The reef gillstar emerged as gillstars took to living among wormreefs. These heaping structures provided a refuge from predators, and with their gaping holes for water intake, they were easy enough to enter.
A reef gillstar will usually spend its entire adult life within a single wormreef mound, leaving only if the mound collapses or is otherwise disrupted. They spend most of their time hanging from a polyp using their anal fingers, usually deep in one of the reef's holes or in an interior cavity. There, they filter-feed much like their ancestor, taking advantage of the water flowing in and out the reef. But they're also surrounded by the wormreef's nutritious secretions. Intended to share nutrition throughout the reef and with the reef's juveniles, this abundant pool is easy to absorb and provides much of the reef gillstar's nourishment, without harming their hosts.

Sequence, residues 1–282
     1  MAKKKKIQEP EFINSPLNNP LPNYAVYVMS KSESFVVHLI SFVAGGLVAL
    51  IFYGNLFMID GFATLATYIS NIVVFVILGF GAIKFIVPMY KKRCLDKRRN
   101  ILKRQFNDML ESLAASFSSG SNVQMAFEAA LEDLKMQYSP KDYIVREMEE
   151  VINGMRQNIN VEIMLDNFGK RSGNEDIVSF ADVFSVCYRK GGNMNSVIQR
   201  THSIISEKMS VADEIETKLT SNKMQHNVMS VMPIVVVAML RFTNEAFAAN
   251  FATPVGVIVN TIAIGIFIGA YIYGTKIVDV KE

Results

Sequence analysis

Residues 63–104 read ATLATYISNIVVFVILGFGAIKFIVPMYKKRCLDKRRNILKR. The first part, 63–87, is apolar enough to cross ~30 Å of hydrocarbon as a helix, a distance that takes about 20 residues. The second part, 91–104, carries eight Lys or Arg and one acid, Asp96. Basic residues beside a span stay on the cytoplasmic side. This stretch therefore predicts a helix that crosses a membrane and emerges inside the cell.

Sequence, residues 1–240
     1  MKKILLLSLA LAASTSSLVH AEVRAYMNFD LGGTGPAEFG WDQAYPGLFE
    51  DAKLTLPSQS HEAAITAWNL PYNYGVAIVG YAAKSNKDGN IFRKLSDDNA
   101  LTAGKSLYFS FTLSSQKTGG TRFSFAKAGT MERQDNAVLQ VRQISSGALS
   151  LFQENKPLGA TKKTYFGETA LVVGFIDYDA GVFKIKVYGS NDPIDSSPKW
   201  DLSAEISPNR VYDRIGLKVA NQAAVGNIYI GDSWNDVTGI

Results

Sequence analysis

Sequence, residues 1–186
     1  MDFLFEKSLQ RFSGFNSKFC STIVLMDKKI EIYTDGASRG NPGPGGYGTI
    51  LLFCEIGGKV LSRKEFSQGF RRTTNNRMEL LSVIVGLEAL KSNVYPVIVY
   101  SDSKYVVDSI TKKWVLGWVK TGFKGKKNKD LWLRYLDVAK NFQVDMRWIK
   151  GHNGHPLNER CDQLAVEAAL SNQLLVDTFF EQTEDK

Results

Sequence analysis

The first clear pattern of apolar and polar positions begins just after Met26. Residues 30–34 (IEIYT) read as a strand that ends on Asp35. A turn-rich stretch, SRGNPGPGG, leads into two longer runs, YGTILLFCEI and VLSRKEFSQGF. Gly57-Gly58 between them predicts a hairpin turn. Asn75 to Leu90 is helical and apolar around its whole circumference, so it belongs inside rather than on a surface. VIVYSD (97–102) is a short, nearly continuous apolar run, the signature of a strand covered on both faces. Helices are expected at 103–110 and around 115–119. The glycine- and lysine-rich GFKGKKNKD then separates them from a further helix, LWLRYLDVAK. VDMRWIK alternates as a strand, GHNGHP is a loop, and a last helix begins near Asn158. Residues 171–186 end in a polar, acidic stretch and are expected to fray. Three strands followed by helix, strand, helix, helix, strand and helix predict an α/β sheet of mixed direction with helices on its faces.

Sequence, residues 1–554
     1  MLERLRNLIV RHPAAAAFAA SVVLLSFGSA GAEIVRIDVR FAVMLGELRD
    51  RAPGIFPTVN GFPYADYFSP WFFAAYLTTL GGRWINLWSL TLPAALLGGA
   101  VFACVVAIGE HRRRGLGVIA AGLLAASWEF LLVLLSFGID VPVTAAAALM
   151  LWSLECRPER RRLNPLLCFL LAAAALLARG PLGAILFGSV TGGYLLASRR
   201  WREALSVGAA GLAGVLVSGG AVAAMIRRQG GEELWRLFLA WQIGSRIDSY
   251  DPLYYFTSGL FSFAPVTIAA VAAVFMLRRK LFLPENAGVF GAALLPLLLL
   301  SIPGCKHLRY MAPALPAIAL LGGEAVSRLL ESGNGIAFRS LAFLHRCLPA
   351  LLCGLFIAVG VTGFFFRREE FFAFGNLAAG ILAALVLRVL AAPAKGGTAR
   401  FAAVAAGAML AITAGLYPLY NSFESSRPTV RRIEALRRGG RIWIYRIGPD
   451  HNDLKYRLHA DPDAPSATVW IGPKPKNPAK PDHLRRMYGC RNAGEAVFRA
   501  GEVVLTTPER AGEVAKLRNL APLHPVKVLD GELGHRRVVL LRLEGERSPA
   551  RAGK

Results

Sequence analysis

The reef gillstar adopted green pigmentation throughout its body, keeping it camouflaged. Their body has become laterally compressed, quite narrow when seen from in front, like many of Earth's reef fish. In the reef gillstar's case, this allows it to squirm between polyps and hide deeper within the reef, whether to hide from predators, to access a different part of the reef, or to escape from a collapsed reef. They can still swim using the anal arm as well.
Otherwise, the reef gillstar has much the same anatomy as the gillstar. They have a usually inverted mouth for absorbing food, eyes like inverted pigment cups, and four chemical receptors near their mouth. They reproduce by clasping their anal fingers and begin life as radial larvae, which is the stage when they'll swim through the ocean before finding a reef in which to live. Their four arms will then differentiate into three adapted as gills and the anal one.
With its simple lifestyle, the reef gillstar has little need for intelligence, but it does have a range of responses to disruptions to its reef and outside predators and threats.